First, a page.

More Site Condition Issues – Tree Roots don’t like to Share Water

The large leaves of the Oregon Big Leaf Maple create afternoon shade and their thirsty roots surely encompass the entire lot. Their roots would take water from anything we planted so new plants would need to be able to stand up to the competition.  For this native garden design I would select low water plants near the big trees for two reasons: They need to thrive on leftover water from the thirsty big trees.  And we can’t have plants that need a lot of water under the big native trees because overwatering them could cause them health problems.  Rain garden for NW residential landscape design.

 

Mysterious Water Sounds

Water problems in NW garden calls for new landscape design.There was a mysterious wet area part way up the slope. We could not see the water in the summer but we could hear it. In the winter it was much louder, a dull roar although oddly we did not see much water.  Even in the summer I could always hear the sound of water trickling somewhere underground.  A professional solution was needed and I wanted that solution to be part of the beauty.

Native Garden Design Phase

My first design concept drawings focused on the side patio garden and terracing along the back foundation of the house. I did not address the back yard hillside. My clients loved the design but kindly told me to think bigger with regard to the back yard. They wanted to get rid of all the ivy, not a common ideal in 1997, and design for access to the whole hillside, to result in a beautiful naturalistic style hillside garden. They had a view of Mt. St. Helens from the top south corner of their property and they wanted easy access to get there, and space to sit and enjoy that view. I went back to the drawing board. The next design added another terraced patio, the dry stream bed, paths and plantings. And in a few years there would be another phase of design that added more but you will have to wait until I write about it.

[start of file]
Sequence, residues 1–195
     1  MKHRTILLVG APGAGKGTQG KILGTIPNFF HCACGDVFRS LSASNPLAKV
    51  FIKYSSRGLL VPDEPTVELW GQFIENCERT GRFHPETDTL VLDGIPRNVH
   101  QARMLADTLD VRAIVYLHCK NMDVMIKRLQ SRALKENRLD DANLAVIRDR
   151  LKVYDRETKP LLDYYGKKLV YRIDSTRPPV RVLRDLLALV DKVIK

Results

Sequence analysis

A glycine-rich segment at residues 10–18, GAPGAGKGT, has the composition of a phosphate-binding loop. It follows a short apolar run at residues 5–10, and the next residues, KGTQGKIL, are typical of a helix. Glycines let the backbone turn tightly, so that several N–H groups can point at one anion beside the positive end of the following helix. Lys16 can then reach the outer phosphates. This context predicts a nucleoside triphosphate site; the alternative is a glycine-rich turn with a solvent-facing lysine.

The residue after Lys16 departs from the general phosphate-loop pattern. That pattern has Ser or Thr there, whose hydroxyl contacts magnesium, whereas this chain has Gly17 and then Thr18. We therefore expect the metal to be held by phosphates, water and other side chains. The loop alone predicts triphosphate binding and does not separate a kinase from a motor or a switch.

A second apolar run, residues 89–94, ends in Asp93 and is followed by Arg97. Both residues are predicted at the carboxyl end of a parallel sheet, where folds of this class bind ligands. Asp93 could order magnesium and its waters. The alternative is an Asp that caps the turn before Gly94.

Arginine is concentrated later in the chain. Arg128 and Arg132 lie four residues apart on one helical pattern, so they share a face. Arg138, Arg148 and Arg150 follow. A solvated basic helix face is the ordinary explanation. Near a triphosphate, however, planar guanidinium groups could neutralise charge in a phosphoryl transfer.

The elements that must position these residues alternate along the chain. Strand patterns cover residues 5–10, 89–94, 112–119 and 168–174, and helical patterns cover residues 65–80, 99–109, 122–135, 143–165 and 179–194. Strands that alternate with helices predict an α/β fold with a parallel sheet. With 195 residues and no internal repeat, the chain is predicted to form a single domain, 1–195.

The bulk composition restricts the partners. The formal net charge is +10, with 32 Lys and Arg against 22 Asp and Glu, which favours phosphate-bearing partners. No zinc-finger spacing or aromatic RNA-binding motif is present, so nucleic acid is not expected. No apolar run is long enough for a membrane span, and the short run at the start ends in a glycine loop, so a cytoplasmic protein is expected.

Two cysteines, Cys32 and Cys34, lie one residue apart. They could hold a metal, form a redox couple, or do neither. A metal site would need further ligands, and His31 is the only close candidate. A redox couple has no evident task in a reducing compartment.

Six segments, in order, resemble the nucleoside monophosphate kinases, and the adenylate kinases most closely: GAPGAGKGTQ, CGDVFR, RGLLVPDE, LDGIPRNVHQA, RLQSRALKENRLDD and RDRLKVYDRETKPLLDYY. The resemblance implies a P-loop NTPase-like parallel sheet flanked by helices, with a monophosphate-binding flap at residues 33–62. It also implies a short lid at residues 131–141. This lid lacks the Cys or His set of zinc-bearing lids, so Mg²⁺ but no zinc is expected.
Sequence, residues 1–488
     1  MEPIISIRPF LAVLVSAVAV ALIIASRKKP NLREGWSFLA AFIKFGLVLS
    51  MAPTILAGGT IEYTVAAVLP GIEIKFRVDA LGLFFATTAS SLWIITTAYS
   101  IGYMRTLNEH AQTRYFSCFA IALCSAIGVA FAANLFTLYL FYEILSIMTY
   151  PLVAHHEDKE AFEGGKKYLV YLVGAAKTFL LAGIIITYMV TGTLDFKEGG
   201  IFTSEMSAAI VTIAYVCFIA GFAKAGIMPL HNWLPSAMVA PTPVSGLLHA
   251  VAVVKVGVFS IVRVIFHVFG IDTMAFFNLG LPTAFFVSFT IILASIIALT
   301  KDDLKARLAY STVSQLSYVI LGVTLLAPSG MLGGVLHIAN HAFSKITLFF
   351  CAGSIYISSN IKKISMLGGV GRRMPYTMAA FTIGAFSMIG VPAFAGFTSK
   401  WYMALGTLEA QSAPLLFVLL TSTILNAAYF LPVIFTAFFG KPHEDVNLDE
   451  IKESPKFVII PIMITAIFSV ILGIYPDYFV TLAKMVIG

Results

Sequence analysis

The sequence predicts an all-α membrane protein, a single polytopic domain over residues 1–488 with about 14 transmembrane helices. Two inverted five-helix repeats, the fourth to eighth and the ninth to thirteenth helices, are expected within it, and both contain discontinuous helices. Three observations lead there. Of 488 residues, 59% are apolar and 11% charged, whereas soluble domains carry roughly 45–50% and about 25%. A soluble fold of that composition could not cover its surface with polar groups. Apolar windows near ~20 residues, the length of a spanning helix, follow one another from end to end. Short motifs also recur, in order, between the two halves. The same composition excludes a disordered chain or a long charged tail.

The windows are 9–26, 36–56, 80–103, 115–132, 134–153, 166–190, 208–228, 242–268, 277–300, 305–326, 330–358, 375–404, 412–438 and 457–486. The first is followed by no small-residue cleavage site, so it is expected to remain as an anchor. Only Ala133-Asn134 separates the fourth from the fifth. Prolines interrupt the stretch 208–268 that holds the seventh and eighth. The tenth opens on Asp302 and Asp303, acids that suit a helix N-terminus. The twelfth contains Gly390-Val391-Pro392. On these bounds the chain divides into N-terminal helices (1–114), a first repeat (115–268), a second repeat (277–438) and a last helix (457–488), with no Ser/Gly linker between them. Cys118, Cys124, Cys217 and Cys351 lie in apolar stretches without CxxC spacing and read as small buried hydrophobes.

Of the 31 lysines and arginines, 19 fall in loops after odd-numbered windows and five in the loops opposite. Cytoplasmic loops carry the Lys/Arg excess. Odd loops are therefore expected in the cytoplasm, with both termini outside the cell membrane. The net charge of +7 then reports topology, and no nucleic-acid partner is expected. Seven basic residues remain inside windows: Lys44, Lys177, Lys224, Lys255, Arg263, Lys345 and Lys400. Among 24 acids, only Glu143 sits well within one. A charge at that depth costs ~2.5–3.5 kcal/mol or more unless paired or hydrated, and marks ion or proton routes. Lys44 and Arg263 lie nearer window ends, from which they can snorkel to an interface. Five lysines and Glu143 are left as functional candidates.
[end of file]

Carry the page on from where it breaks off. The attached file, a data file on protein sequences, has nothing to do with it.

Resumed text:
It’s All About How You Move-Paths

Design can be so simple. When I was still a student, Barbara Fealey, (Oregon famous and first female landscape architect) told me, ‘Design, it’s all about how you move’. It loses in the telling but it is a profound statement. The paths take us to where we want to be doing an activity (even if that activity is relaxing and doing nothing). I wanted taking the path to feel like an adventure while it simultaneously integrated the various terraces and planting areas into one whole. Paths are also designed to be practical and allow for easier maintenance of the plants and property.

Landscape design patio for mountain viewing in Portland.

Sneak peek into the last stone terrace patio added in 2009 at the upper north corner of the property. Clumping bamboo – Fargesia ‘Campbells’ is planted for privacy above the wall.

Path Tips

Hillside paths need to break up the steep slopes and lead us into spaces we can be in.

Think about the activities the paths would serve: access to sitting areas for outdoor living and plant maintenance.

Traversing across a slope is often the best way to go and in our case, it minimized the number of stairs.